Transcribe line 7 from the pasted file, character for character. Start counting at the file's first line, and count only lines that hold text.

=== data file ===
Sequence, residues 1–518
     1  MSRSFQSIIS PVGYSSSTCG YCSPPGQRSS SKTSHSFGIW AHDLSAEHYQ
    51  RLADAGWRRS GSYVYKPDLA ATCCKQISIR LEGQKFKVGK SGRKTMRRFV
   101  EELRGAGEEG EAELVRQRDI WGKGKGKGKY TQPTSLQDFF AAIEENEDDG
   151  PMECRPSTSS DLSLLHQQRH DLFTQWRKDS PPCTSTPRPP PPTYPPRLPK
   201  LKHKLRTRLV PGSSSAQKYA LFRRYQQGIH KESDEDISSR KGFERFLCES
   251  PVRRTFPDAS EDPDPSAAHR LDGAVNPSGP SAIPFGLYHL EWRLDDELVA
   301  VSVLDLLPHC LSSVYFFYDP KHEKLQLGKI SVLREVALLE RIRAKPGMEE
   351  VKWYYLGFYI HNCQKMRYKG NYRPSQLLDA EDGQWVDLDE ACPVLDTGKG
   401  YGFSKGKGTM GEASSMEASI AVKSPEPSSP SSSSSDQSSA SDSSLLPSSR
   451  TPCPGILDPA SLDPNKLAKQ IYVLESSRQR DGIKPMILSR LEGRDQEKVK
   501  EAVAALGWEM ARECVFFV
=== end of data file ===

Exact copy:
   251  PVRRTFPDAS EDPDPSAAHR LDGAVNPSGP SAIPFGLYHL EWRLDDELVA